Springvale South Solar Farm Saga Update

Springvale South solar farm

A proposal to construct a solar farm in a Melbourne suburb is continuing to face significant opposition from within the local community.

We originally reported on the project back in 2019, which involves the development of a PV power station featuring 68,000 solar panels installed within a 44-hectare former landfill site in Springvale South in Melbourne’s south-east.

As well as producing clean energy, the $38 million project will create dozens of full and part time jobs during construction, and 7 ongoing jobs over the facility’s expected life of 25 years.

Lots of households in Springvale South have solar panels. In postcode 3172, more than 1,658 systems had been installed as at December 31, 2020. While solar power may be popular, not everyone is enamoured with the idea of 68,000 panels plonked in a spot nearby.

Opposition to the project includes all the usual concerns, but an issue that has really upset some residents is a claim parklands were to be developed at the site.

The Case Of The Missing Park Plans

The site is within the Greater Dandenong Council local government area and after Council failed to reach a decision on the project, proponent Progress Solar lodged an appeal with VCAT – the Victorian Civil & Administrative Tribunal. Progress Solar had been expecting a Council decision by the end of 2019.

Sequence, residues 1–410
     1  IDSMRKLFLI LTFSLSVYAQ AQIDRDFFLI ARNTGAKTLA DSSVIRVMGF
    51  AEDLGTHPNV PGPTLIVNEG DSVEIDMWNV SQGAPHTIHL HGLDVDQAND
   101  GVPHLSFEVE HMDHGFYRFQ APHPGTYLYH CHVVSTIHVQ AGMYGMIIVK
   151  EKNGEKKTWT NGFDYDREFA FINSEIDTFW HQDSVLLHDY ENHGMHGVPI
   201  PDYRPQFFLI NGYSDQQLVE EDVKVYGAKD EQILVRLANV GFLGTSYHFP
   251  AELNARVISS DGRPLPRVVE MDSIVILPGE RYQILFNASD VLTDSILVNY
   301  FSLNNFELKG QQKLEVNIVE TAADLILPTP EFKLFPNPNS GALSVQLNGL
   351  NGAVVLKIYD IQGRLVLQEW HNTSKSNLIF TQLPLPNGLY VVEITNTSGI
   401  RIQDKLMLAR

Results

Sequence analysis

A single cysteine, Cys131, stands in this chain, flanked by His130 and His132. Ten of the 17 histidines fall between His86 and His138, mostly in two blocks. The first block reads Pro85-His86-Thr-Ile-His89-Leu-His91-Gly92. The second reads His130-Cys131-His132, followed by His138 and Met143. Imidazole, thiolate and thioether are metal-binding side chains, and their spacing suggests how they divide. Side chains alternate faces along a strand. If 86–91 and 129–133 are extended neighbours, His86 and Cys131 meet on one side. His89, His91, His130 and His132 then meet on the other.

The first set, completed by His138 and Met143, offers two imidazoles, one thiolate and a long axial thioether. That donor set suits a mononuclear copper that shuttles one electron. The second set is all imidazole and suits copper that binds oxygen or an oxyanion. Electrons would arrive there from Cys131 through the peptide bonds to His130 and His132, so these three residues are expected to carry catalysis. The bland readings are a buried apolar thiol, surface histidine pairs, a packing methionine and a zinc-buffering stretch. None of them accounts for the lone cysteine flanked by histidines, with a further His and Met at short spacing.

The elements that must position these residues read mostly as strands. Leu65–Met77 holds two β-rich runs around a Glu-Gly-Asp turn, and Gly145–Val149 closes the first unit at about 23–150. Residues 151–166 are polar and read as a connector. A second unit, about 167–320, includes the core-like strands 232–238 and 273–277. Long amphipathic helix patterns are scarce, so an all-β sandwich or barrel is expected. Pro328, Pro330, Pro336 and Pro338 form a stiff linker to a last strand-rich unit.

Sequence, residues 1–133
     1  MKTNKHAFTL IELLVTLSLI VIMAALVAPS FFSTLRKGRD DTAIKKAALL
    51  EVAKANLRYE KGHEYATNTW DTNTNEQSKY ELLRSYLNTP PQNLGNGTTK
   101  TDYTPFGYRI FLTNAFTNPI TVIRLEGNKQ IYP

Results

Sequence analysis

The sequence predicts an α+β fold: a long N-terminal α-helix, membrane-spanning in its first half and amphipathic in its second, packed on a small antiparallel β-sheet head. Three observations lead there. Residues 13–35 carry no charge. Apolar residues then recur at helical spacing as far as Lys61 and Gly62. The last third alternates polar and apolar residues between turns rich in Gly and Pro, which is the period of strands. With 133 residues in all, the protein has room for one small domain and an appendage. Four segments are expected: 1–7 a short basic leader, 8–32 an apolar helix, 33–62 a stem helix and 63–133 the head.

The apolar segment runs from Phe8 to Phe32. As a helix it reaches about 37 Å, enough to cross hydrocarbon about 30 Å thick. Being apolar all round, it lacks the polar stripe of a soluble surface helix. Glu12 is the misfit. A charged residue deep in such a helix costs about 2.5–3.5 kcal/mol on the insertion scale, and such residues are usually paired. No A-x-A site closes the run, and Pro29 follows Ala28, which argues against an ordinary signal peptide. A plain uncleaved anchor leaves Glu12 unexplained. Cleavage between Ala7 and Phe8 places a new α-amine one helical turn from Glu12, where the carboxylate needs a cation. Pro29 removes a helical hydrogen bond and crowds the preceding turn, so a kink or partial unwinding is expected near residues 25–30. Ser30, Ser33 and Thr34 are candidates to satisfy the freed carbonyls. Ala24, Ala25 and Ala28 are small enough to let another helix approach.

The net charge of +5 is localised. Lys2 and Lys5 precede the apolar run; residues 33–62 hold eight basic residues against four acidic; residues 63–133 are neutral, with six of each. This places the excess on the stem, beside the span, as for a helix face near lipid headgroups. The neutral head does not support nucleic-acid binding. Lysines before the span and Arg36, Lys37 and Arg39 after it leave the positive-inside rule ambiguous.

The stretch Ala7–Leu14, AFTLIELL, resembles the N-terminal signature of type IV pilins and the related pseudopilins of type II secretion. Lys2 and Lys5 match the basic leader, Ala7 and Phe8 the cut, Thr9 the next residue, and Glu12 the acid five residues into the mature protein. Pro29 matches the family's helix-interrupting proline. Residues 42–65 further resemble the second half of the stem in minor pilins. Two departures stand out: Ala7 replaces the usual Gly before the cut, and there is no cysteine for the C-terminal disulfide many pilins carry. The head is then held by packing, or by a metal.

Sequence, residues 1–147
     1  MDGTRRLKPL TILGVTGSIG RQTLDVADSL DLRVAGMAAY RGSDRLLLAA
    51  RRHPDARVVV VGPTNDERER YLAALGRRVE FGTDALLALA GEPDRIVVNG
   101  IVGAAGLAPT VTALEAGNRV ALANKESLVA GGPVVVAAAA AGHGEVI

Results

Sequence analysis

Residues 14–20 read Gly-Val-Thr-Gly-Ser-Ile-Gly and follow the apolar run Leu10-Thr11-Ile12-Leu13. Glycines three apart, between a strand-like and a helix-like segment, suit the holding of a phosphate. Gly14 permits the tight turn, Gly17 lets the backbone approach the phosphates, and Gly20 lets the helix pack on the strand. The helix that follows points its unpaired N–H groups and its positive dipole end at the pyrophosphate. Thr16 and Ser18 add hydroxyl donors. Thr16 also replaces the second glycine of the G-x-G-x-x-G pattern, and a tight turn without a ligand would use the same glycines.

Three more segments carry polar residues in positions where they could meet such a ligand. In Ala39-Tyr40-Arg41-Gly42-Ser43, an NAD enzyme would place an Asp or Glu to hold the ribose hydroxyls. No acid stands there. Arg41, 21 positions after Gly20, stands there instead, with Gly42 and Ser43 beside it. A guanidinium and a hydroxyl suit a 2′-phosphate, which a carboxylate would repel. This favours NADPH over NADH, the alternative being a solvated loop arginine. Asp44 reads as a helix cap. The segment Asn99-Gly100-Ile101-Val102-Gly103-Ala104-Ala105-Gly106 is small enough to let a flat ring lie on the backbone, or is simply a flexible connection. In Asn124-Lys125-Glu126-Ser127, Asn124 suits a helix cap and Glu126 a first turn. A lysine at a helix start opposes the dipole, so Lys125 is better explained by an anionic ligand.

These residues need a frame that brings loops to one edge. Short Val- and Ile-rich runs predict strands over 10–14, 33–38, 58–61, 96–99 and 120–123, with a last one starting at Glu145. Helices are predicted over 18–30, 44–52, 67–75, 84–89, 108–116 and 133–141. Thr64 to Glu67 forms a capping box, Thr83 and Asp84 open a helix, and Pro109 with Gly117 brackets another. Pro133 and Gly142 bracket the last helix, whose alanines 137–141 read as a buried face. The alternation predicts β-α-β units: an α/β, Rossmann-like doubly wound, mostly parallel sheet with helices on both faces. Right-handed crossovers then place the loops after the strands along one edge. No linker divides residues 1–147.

This is where things are getting really messy, even before the appeal is formally heard.

According to the Dandenong Star Journal, Council said it first required a decision on the status of the Section 173 agreement associated with the site to determine if the project complied.

A section 173 agreement is made between a responsible authority (e.g. a council) and an owner of land, setting out the conditions or restriction on use or development. It’s called a section 173 agreement as the power to enter into this is provided under the section 173 of the Planning and Environment Act 1987.

Apparently a clause in the section 173 agreement’s clause ensured the after-use of the land would be for recreational purposes in  accordance with the “Heatherton-Dingley Chain of Parks Concept Plan 1988”. But VCAT senior member Philip Martin is quoted as saying the concept plan is missing and what was in it subject to speculation.

More than 160 people are reportedly opposing the project. Springvale South has a population of around 12,768 – so it could be considered a drop in the bucket. But the potential for a comparatively small group of well-organised people to change the course of a project – or prevent it from even starting – should never be underestimated.

The Springvale South situation again highlights the importance for solar farm developers to first gain and then maintain social licence to operate. In some situations, particularly where a project is on the doorstep of residential areas, that may be incredibly difficult.

In this case, there is a perception among some objectors that there hasn’t been community engagement on the project. A community information session took place in July 2019, but it’s not clear what level of community engagement has occurred since.

About Michael Bloch

Michael caught the solar power bug after purchasing components to cobble together a small off-grid PV system in 2008. He's been reporting on Australian and international solar energy news ever since.

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